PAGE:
A second cup of tea and a look at the clock. Big smile. Today, there's no mad dash to make lunch, take a shower and arrive at work by 7:30 a.m. Not for the next nine work days either. Spring Break has arrived. Two beautiful weeks to relax, reflect and enjoy.
This week is dedicated to writing and my quest to master (a gross exaggeration) basic knitting skills. During the break my teacher is a virtual one: Knitting Help. I've never seen her face but my new instructor has talented hands and a reassuring voice. So far I've viewed the Double Cast-On and the Continental and English Methods of Knitting. One is easier for left handers and the other is preferred by those who are right hand dominant. It probably isn't surprising to learn that I show no facility with either technique. I just keep clicking on the replay button. At some point I'll figure out which one works best for me. I'm going to invest in a larger set of needles and a slightly thicker yarn to see if that makes the process easier to handle and easier to see what I'm doing.
I have a legitimate role model for the writing/knitting combo. Sue Grafton, the A-T (so far) Kinsey Milhone mystery writer, is a local resident and was featured on a public access television show, The Creative Community. It was fascinating to hear about her road to success-a long one involving at least six unpublished manuscripts--and her writing process. She also talked about her love of knitting. Knitting requires different skills and "relaxes" the mind. Mechanical creativity as opposed to brain-draining creativity. A nice balance.
Next Saturday, my sister Barbara arrives in Santa Barbara. She's joining me for a road trip. We're leaving on Sunday morning and driving to Lone Pine,a little town in the Eastern Sierra nestled below Mt. Whitney. We're staying at the "historic" Dow Villa motel and are planning visits to Manzanar, the Eastern Sierra Museum and Death Valley. Manzanar is now a National Historic Site, operated by the National Park Service. The museum chronicles the internment of Japanese Americans post-Pearl Harbor. The "relocation" traumatically affected individuals, families and the livelihoods of all Japanese Americans of that era. I don't know why I am so intrigued by this event. It seems like an obvious miscarriage of justice and a devasting act of discrimination perpetrated by Americans toward other American citizens. This subject is a future writing project for me. I am going to immerse myself in "setting" this trip. Lots of pictures and note-taking.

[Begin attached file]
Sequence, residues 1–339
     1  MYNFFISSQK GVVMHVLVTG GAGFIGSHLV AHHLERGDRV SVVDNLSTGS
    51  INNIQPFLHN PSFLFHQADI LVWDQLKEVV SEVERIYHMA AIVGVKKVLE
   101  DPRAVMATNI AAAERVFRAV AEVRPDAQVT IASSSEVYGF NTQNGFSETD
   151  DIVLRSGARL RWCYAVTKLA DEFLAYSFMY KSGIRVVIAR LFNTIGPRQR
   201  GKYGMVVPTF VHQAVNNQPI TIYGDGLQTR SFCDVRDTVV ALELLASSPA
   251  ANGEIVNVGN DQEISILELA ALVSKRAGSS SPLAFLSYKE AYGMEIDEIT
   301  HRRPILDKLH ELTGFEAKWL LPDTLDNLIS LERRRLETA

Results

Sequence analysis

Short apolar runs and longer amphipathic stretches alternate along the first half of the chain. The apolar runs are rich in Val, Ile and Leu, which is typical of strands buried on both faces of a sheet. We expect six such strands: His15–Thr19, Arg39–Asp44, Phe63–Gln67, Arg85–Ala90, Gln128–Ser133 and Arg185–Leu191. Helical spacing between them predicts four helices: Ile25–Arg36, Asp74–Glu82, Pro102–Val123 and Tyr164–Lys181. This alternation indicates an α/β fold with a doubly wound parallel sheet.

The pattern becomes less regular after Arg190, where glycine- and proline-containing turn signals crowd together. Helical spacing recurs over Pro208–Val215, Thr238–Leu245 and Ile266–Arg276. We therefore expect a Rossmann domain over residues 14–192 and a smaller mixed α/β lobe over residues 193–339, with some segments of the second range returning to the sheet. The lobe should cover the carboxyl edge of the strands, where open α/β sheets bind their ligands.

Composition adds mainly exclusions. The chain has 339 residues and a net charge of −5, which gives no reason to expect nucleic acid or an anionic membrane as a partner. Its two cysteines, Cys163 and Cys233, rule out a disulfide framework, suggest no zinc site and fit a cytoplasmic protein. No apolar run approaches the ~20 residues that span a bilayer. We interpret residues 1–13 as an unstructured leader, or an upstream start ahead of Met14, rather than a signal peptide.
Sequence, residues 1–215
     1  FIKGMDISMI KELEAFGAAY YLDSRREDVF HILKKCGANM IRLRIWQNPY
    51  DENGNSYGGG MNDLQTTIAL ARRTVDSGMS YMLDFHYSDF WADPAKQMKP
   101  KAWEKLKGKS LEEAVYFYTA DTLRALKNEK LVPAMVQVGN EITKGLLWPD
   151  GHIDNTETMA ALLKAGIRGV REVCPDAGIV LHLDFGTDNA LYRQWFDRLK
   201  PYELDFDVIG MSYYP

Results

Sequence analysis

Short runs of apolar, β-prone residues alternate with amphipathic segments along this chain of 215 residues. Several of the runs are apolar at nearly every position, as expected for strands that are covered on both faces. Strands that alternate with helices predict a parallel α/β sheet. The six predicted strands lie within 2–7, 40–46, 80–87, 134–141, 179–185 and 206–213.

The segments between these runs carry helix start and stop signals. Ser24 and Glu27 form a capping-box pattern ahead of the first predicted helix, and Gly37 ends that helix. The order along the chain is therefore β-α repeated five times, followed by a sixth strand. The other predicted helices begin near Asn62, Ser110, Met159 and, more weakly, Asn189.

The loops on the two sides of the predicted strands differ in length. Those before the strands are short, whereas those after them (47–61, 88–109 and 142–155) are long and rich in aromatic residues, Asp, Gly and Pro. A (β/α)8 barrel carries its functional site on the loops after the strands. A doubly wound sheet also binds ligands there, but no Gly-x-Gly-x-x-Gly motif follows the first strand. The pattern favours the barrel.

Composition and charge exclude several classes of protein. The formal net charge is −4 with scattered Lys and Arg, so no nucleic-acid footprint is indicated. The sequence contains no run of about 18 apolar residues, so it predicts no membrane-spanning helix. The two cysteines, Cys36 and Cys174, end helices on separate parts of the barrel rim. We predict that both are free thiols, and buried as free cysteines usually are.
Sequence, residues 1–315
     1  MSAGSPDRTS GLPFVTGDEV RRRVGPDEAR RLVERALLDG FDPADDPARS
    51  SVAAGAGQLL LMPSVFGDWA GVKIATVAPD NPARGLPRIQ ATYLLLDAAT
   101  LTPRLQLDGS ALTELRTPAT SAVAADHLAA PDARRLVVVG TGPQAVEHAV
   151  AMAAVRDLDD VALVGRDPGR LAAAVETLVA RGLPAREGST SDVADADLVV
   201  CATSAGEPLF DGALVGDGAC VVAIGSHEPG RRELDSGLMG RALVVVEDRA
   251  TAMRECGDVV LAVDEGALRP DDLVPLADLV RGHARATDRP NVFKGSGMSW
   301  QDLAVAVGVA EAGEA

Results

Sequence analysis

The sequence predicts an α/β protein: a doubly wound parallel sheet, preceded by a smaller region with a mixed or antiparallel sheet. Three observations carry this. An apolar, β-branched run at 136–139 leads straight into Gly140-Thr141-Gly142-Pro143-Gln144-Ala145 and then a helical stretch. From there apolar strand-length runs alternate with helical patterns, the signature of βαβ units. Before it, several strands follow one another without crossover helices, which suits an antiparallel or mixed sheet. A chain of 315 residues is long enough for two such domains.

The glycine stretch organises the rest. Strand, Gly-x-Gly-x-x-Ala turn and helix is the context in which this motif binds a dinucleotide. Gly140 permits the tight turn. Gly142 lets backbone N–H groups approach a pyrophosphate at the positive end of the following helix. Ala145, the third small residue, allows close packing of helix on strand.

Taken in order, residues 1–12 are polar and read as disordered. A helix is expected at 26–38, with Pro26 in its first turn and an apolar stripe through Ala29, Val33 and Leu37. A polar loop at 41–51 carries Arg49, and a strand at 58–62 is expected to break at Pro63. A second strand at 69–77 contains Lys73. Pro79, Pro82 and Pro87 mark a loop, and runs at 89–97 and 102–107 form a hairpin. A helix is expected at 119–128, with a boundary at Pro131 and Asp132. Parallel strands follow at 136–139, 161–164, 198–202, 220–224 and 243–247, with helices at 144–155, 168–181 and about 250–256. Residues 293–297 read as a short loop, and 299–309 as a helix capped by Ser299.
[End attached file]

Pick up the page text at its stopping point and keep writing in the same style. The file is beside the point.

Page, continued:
The Owens Valley and Death Valley are both in bloom right now. The restoration of the Owens River has transformed the dry salty soil of that water-deprived valley into a environment which now supports its own flora and fauna. In Death Valley the rain of this past winter has brought a good crop of wildflowers to bloom in the middle of the desert. It's my first visit to Death Valley. Couldn't imagine going there in the triple-digit, super-heated summer but am looking forward to seeing what this season has to offer.
The last time Barb and I went on a road trip together was during my spring vacation three years ago. We went to Paris for ten days to see a beautiful city and visit Nora while she was studying there. Paris was full of springtime blooms, too.